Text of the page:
Asking for help with your mental health

Asking for help can be one of the most daunting but one of the best things you can do. It is often difficult to know where to start and who to tell. It can be even more difficult if you consider yourself a private person, but a problem shared is a problem halved. Once you have spoken about your worries, that is when it starts to get better. We all need help and support sometimes, so it is important that we remind ourselves that we aren’t weak for asking for it!

The first step is deciding who to reach out to is to reflect on what you feel comfortable with sharing and who you are as a person. Would you prefer to speak to someone you know or speak to someone anonymously? Would you prefer to speak to someone online or in person? Then, seeking out your options is the next step. To help you with this, there are many online services that can help to guide you in the right directions.

One available service is The Mind Map offering a new ‘one stop shop’ for anyone who has mental health concerns and is seeking support. They are on a mission to normalise mental health by providing a service that allows you to seek out free mental health services, book counselling sessions and read articles written by experts giving advice on mental health and wellbeing. If you are struggling to know where to begin, because finding support can be overwhelming, this service is perfect for guiding you in the right direction.

The service also enables you to find mental health first aid training, which could be a very beneficial skill to have for future jobs and life experiences. They provide a wide range of articles such as advice on breathing techniques for anxiety and how to sleep. You can find interviews with people about their struggles with mental health; reading about other peoples’ experiences can make you feel less alone with how you feel. Their website is super accessible, so I would really recommend that you have a look to see what they can offer to you!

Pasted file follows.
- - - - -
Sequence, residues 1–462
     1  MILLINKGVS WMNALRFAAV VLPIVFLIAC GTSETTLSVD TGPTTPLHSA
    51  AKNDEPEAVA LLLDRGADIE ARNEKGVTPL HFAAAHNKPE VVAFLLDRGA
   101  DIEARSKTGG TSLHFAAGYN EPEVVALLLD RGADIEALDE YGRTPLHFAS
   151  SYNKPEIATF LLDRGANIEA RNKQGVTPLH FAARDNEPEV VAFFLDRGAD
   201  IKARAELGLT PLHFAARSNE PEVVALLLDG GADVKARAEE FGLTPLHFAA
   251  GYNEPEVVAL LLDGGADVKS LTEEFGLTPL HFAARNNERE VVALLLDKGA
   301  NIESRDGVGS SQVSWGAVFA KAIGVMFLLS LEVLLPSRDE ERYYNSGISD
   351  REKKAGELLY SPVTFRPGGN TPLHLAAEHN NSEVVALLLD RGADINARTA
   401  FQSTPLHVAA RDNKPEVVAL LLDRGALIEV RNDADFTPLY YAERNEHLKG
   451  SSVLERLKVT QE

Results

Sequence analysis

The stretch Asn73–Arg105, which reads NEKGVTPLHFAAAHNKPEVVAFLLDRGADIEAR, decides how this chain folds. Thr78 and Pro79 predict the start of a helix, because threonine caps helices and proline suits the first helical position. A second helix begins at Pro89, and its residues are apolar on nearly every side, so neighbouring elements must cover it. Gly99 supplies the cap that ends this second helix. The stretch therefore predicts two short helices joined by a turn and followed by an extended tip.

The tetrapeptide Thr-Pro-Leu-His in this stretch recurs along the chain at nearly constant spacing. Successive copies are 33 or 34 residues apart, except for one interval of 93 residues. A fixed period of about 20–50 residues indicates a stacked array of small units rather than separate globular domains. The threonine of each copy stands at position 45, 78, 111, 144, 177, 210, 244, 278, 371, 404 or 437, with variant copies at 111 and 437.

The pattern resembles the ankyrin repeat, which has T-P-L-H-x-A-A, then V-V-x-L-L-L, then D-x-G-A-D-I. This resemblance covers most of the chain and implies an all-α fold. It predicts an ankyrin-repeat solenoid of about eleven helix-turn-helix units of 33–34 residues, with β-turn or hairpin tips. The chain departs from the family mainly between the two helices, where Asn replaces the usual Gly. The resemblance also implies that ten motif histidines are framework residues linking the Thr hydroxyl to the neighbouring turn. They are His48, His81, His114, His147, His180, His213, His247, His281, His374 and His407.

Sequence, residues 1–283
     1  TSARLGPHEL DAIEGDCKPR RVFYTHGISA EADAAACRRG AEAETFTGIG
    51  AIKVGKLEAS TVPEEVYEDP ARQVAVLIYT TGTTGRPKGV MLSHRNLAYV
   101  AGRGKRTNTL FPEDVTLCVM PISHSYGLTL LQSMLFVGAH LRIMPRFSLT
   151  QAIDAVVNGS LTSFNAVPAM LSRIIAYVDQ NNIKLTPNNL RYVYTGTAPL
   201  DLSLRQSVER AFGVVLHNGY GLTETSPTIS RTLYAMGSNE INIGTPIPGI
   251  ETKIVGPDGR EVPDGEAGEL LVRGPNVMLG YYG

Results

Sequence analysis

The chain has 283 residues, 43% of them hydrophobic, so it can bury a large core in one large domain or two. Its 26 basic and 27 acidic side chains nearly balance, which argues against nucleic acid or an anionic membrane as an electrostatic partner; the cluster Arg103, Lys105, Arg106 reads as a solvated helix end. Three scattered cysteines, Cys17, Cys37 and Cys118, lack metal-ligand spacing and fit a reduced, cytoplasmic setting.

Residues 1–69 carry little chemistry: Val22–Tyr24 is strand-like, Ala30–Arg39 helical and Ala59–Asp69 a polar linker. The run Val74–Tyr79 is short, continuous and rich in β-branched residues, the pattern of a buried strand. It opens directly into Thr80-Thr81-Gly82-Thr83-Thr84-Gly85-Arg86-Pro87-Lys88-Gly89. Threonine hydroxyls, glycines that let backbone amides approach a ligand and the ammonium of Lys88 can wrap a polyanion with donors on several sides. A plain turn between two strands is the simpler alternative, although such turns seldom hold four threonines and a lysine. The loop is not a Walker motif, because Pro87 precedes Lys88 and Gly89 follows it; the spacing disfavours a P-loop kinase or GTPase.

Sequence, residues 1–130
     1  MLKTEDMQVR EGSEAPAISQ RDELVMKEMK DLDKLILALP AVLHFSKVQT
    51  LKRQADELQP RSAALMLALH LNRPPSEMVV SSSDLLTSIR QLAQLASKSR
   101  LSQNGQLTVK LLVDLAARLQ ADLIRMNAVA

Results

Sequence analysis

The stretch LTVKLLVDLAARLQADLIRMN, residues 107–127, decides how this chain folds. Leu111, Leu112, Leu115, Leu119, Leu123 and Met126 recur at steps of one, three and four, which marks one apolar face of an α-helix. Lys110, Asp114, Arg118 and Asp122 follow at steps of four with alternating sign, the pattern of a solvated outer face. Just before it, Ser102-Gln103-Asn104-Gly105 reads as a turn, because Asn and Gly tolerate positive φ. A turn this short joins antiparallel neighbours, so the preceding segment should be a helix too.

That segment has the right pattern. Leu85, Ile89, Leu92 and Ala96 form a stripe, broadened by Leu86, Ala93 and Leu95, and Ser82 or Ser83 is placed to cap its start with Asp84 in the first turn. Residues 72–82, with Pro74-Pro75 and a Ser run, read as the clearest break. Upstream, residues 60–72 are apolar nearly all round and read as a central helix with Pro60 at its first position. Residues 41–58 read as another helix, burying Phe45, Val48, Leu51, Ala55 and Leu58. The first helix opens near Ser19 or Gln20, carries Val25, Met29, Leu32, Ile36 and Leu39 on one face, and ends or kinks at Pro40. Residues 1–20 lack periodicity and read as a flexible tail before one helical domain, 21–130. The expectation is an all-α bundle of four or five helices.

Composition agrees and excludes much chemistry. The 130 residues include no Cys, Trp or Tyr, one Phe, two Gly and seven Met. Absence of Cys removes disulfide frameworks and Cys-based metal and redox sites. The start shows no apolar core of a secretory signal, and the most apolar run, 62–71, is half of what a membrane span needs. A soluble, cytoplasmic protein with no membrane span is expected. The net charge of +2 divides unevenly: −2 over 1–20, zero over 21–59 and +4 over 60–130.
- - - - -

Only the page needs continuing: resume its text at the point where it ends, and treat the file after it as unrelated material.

Throughout the pandemic, volunteers at the crisis helplines have been working tirelessly to ensure that the people in this country are listened to and helped with any problems that they are facing. If you wish to speak to someone anonymously, you can phone or text any of the crisis helplines at any time of the day or night and someone will be there to help you.

Young Minds, Crisis Textline, Samaritans, Papyrus HOPELINEUK and The Mix are all services that are there for you if you need support. They all provide a safe place where you can talk about how they are feeling without feeling judged. Many of their websites also provide information and advice as well, so if you don’t feel that you can talk to them, there are so many other resources there which can help.

Having a discussion with someone you trust can make you look at your worries and problems from an outsiders’ perspective, which may help you to resolve any inner conflicts or issues that you are facing. Hearing another person’s opinions or outlooks can really help you to come to terms with your emotions and think about them in a different way. As I said earlier, a problem shared is a problem halved.

Arranging a coffee or a walk with someone you trust can enable you to open up and ask them for the support that you need. Don’t feel like you have to tell them everything and don’t feel like you have to downplay how you feel, they care about you and want to know how you feel so they can offer you the support you deserve.

No one deserves to go through anything alone, whether you are experiencing a break-up, coping with the passing of a loved one or if you are struggling with university, your feelings are valid. We all have our individual ways of reaching out to others, and I have spoken about only a few of the many ways that you can do this. You aren’t alone.

Contribution by Tara Reynolds, undergraduate student at the University of Liverpool.

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